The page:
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Seniors Falling Prey to Aggressive Tactics of Private Insurers Says Report

Consumer advocates say lack of government oversight increases risk of losing access, paying more for health care

Feb. 6, 2007 - Insurance agents are pushing people with Medicare into private health plans that do not meet their health care or financial needs, according to a new report by consumer groups.  In its study, California Health Advocates and the Medicare Rights Center detail the "unscrupulous sales practices of insurers" and call for heightened government oversight of private insurers selling Medicare health and drug plans.

 

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“Older and disabled Americans are victimized by private insurance agents who take advantage of the confusing array of private plan options,” said Clare Smith, president and CEO of California Health Advocates, a Medicare advocacy organization.

“Agents who enroll consumers into their company’s more profitable, private health plan – instead of their stand-alone drug plan – are rewarded with a higher commission,” said Ms. Smith.

“The federal government must protect older and disabled Americans from rampant exploitation,” said Robert M. Hayes, president of the Medicare Rights Center, a national consumer service organization.

“People with Medicare are being locked into costly and ineffective health and drug plans without any meaningful oversight of marketing activities by federal or state regulators,” said Mr. Hayes.

The consumer groups report a wide range of "marketing abuses" such as agents going door-to-door unsolicited, posing as Medicare representatives, and telling consumers they will lose Medicare or Medicaid if they do not sign up for a particular plan.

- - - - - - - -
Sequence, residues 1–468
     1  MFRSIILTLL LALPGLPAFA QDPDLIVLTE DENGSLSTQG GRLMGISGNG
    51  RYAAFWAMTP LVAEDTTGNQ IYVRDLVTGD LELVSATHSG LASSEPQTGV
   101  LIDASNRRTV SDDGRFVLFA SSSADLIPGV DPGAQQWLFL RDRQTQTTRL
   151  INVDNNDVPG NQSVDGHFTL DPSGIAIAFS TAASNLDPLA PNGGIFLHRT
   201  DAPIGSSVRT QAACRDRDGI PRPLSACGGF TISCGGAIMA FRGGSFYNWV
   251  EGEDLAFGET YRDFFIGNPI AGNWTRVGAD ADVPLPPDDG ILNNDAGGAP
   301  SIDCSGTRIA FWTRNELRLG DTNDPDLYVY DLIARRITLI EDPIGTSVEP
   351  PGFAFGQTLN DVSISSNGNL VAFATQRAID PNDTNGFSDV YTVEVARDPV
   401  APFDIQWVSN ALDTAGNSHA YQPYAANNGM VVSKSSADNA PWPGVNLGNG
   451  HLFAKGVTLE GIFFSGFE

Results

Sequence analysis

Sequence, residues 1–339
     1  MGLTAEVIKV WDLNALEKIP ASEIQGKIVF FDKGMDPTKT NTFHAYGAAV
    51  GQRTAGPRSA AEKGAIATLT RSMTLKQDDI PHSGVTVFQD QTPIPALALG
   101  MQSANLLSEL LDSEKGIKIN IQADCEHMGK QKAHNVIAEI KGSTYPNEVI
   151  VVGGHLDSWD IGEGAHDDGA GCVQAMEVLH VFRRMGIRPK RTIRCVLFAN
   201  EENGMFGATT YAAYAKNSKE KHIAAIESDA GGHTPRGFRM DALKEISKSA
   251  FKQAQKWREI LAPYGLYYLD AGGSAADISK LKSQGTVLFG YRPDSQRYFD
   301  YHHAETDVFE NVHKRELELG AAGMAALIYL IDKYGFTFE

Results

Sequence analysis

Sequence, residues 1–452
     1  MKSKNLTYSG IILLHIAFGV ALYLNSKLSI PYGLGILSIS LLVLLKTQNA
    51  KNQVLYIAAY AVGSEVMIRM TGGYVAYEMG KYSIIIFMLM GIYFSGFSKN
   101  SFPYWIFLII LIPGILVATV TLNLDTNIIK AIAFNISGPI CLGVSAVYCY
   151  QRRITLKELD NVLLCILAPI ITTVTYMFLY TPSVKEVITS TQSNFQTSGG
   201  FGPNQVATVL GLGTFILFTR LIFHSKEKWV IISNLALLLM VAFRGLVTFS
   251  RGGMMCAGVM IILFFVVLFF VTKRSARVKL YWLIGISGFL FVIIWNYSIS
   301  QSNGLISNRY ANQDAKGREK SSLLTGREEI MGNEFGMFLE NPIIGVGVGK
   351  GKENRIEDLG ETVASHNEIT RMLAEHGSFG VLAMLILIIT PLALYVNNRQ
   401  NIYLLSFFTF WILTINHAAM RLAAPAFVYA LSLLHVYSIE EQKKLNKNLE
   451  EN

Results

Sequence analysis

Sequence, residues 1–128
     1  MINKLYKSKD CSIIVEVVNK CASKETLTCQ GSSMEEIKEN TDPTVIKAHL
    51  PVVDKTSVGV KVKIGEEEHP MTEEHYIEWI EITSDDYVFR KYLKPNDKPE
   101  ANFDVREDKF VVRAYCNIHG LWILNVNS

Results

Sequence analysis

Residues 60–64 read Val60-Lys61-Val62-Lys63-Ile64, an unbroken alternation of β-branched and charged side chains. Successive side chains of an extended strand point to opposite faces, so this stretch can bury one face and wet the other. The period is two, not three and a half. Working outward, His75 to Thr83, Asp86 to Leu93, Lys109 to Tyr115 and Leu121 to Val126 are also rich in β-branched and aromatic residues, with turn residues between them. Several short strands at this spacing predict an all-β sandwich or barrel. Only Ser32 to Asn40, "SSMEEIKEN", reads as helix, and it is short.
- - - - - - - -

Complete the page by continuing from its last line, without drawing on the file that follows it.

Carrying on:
Consequences of abusive marketing include people winding up in health plans where their doctors do not participate in the network, having to pay more for their care than they need to, and losing access to health care they previously had.

High-pressure private plan marketing – at times done by poorly trained agents – is often done in the privacy of one’s home.  In-home marketing is known to result in the highest “closing rates.” 

After family and friends, insurance agents are the next most frequently used source of information for people considering enrolling in a Medicare private drug plan, according to a June 2006 MedPAC study.

Insurance agents typically earn as much as $400 to $500 for enrolling a consumer in a Medicare Advantage plan, such as a HMO, PPO or private fee-for-service plan (PFFS) but $60 to $80 when they sign someone up for a stand-alone drug plan. 

The groups report that PFFS have been at the center of many incidents of marketing misconduct. 

 Beginning in 2007, most people with Medicare can only change health plans one time between January 1 and March 31; they are then “locked in” to their plan for the remainder of the year. 

Poor people with Medicare who also have Medicaid, the dual eligibles, have the right to change drug and health plans month to month, making them vulnerable to aggressive marketing tactics throughout the year.

 In their joint report “After the Goldrush: The Marketing of Medicare Advantage and Part D Plans, Regulatory Oversight of Insurance Companies and Agents Inadequate to Protect Medicare Beneficiaries,” California Health Advocates and the Medicare Rights Center make several recommendations to Congress, Centers for Medicare and Medicaid Services (CMS) and the states that would help end abusive marketing practices. 

Among the recommendations in the consumer groups’ report are:

  ● Congress must repeal lock-in and allow people to change health and drug plans throughout the year;

  ● Congress must allow state regulatory agencies to oversee plan marketing activities;

  ● CMS must require 24-hour written advance notice of what products will be marketed during a home visit;

  ● CMS must require plans to accept enrollment over the phone; and

  ● States should enforce and expand current protections under state law to all Medicare Part D sales.

"After the Goldrush: The Marketing of Medicare Advantage and Part D Plans, Regulatory Oversight of Insurance Companies and Agents Inadequate to Protect Medicare Beneficiaries,” is also available at – click here.

Editor's Notes:

California Health Advocates says it is dedicated to Medicare beneficiary advocacy and education efforts for Californians. (www.cahealthadvocates.org).

Medicare Rights Center says it is the largest independent source of health care information and assistance in the United States for people with Medicare (www.medicarerights.org).

 

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